Feb. 23—Maine's state court system said Monday it will speed up public access to digital civil court records after being sued in federal court by the Portland Press Herald and a national court news service.
It wasn't immediately clear whether that announcement will remove all delays and resolve the pending lawsuit, however.
"We are pleased that the Maine courts will no longer require the press and the public to wait up to 90 days to review newly filed complaints," said attorney Jeffrey Pyle, who is representing the news organizations. "However, the new rule still appears to build in delay for processing by the clerk. The First Amendment right of access attaches upon the court's receipt of a document. Therefore, this amended rule is still unconstitutional."
Courthouse News Service, a national outlet that reports on civil court proceedings, filed the complaint earlier this month to challenge a rule that would allow civil cases in Maine's electronic court records system to be kept from public eye for weeks or even months after they are filed. The companies that own the Press Herald, Kennebec Journal, Morning Sentinel and Sun Journal are also plaintiffs in the lawsuit. The company that owns the Bangor Daily News filed a motion to intervene alongside the other news organizations last week.
Court officials have not answered questions about the reason for the rule, which has never existed for paper files in courthouses. Amy Quinlan, a spokesperson for the Maine Judicial Branch, announced the latest change in a news release Monday. She did not respond to an email seeking comment on the pending lawsuit and asking why the court made the amendment. The notice said the change would take effect March 15 to allow time for technical programming.
"The Rules of Electronic Court Systems were drafted to facilitate public access to the courts and court records in the electronic environment with two equally important goals in mind: providing maximum reasonable public access to court records, and minimizing the risk of harm to individuals and entities involved in court proceedings," the news release said.
The news release also called the rollout of the electronic records system "an evolving process."
The Maine Supreme Judicial Court signed off on the amendment Monday.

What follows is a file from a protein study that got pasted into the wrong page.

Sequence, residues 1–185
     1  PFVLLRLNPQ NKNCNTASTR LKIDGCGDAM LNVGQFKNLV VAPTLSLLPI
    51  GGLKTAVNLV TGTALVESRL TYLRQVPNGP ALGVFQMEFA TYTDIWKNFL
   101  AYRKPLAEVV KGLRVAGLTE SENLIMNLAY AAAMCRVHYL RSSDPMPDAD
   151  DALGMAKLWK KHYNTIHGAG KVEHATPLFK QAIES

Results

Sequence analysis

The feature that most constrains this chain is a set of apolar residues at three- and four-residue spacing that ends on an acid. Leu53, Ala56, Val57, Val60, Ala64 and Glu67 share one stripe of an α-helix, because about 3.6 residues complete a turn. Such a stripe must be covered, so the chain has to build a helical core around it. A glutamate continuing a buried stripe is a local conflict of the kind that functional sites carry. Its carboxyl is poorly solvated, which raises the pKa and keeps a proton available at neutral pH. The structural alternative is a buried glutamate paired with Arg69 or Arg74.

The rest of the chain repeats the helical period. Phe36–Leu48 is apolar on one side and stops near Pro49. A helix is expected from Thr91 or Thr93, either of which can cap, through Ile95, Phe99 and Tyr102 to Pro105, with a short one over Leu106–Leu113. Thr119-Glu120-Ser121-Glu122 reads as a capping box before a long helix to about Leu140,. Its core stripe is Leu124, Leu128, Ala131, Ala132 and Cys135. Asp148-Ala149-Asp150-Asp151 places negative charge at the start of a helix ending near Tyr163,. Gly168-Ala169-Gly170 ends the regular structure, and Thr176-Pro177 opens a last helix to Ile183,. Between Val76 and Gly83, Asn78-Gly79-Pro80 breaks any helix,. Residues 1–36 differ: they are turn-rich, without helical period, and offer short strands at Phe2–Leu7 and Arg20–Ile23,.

Maine is in a years-long effort to shift court records from paper files to digital ones. In November, Bangor courts became the first to start using the electronic system for filing and viewing cases. Only some civil and family cases are online right now, but eventually, most criminal and civil cases across the state will be.
The Judicial Branch finalized the rules for electronic filing last summer. That document says no civil case will be accessible to the public until three business days after the clerk's office receives proof of service. Plaintiffs typically have 90 days to serve a defendant, so a case could be hidden from the public eye for that entire time.
The news organizations argue that delaying access to new cases violates the First Amendment, which guarantees the press and public the right to review and copy such records, including civil complaints. They have asked a federal court to grant a preliminary injunction to block the rule while the case moves forward.
Their complaint does not seek access to documents that are considered confidential by statute, such as records of mental health civil proceedings. The lawsuit would only affect records deemed to be public.
Maine is the only state with such a rule, the court filing says. Vermont implemented a similar requirement in 2017, and that state's top court quickly rescinded it after a similar legal challenge by Courthouse News.
The plaintiffs filed their complaint in the U.S. District Court in Bangor. The named defendants are Ted Glessner, the state court administrator, and Peter Schleck, the clerk of the Penobscot County Superior Court. They have not yet filed any response to the lawsuit. The case is scheduled for an attorney conference next week.
Separate from the lawsuit, public access advocates have also raised concerns that the fees for viewing electronic documents in Maine's new system provide a barrier to open access.
The Judicial Branch also announced Monday that it has created a new portal for feedback on the digital system. People can submit their comments by email at or by calling (207) 561-2313.